• A text field with the name name. This will be used to populate the HTML name attribute of our form field and should be required.
  • A text field with the name label. This will contain text to display in the label tag above the field in our form HTML.
  • A text field with the name description. This will be an optional field to contain additional information that will be displayed below the field in the form HTML.

This is getting pretty meta, isn't it?

Type, Name, Label, and Description are all fields that Forestry uses to configure Front Matter Templates. It’s no coincidence that we’re re-creating these same fields to configure the front matter itself.

If you’re confused, consider this: you’re creating Front Matter Templates to provide an interface for your editors. Your editors will use the interface you created to build a form, which provides an interface for the end users of the website.

Creating The Fields

https://res.cloudinary.com/forestry-io/image/fetch/c_limit,dpr_auto,f_auto,q_80,w_640/https://forestry.io/uploads/2018/07/is_partial.png

We will be creating five Front Matter Templates using these fields. For each one, be sure to turn on the Is Partial setting so we can use these as Blocks. Create the following templates, being sure to include the essential fields defined above (type, name, label, and description) and set the default value for the type field to the type of each:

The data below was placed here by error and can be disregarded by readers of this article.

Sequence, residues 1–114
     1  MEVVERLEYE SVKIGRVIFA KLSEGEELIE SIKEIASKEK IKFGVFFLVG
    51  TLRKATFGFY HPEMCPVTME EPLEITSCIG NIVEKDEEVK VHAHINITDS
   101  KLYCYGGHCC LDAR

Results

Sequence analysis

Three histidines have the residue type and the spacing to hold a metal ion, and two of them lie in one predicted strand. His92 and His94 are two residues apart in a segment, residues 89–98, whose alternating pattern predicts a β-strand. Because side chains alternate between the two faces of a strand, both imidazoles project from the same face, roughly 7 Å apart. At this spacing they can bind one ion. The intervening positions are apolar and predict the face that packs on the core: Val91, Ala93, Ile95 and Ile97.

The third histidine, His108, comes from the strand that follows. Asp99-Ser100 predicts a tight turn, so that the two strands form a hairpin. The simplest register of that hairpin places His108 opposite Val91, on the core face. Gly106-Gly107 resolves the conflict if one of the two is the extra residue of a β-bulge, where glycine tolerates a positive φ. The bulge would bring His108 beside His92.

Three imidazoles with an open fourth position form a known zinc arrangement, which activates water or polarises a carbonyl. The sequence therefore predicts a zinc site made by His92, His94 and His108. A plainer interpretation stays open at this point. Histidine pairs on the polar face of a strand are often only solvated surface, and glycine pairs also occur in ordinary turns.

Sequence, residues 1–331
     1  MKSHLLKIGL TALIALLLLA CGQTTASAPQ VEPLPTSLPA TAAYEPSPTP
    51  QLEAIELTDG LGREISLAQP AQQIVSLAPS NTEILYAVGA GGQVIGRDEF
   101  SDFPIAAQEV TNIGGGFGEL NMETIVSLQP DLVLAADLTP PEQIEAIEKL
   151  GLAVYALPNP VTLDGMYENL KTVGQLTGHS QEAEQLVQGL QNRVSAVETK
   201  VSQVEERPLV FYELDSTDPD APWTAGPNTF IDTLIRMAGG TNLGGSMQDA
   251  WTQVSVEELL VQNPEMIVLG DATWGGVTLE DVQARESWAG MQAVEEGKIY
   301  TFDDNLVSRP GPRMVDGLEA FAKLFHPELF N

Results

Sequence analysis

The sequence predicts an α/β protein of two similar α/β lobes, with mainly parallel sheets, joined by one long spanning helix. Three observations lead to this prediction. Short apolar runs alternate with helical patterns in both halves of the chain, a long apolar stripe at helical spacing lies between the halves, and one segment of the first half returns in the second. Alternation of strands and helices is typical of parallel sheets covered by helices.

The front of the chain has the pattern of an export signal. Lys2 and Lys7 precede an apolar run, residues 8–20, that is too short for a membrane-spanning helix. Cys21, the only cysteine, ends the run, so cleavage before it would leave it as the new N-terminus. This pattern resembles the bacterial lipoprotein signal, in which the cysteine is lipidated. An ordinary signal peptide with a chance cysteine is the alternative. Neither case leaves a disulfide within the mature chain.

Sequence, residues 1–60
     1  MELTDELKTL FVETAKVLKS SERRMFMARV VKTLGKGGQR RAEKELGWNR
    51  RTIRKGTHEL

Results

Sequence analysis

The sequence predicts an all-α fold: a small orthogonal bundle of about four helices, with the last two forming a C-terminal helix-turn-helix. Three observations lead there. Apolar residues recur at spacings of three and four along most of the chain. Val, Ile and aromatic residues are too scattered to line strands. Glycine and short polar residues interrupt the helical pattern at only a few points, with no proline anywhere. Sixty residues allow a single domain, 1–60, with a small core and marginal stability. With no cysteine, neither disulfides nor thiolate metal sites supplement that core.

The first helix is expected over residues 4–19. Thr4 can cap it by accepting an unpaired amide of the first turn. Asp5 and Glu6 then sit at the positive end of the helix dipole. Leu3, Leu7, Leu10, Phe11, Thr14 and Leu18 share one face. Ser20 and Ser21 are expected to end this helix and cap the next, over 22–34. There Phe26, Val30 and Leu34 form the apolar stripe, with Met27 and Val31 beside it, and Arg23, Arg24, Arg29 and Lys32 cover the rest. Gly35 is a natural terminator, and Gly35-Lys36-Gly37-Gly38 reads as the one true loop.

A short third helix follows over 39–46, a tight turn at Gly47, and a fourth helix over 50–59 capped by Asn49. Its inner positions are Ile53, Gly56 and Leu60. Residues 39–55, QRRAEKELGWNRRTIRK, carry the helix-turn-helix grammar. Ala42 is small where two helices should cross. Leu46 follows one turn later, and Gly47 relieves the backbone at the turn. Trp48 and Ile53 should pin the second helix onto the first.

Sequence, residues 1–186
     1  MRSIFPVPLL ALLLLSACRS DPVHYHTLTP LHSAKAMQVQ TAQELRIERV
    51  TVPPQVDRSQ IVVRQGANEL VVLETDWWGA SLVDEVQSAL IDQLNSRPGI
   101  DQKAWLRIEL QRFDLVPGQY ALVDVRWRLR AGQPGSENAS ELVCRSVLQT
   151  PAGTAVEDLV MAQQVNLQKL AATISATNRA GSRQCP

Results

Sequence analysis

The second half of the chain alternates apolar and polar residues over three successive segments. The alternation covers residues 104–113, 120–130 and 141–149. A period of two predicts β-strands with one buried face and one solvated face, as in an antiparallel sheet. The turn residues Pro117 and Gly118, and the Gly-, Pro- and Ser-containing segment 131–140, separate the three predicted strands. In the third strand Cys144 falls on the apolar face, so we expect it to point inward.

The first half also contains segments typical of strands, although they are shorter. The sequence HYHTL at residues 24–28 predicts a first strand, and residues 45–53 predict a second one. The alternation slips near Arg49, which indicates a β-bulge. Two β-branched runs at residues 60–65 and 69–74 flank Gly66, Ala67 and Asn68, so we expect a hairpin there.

• text
  • textarea
  • select
  • radio
  • checkbox

The text and textarea fields are done at this point. For the select and radio fields, add a Sortable List field named options.

For the checkbox field, add another text field named checkbox_text. In addition to a label, we want to give our editors the option of displaying text next to the checkbox.

The Form Fields Partial

At this point, we could create a Front Matter Template for our form page, add a Blocks field to it, and be done. However, since I want to create two different types of forms, we are going to place this field in its own partial template. We can then include this partial in both of these forms, so we don’t have to duplicate our work.

Create a new Front Matter Template and turn on the Is Partial toggle. Call this template Form Fields and add a single Blocks field to it. Name the field fields, and under Templates, select all of the form field templates we just created.

Adding the Form Builder

Now that the Blocks field is set up, the rest is easy! We need to create two Front Matter Templates to be used with our content.

Create a new Front Matter Template called Simple Form. Do not turn on the Is Partial toggle, because this will be a complete template that can be selected when creating a new content item.

Add a text field named title so we can continue to modify the page title after we apply this template.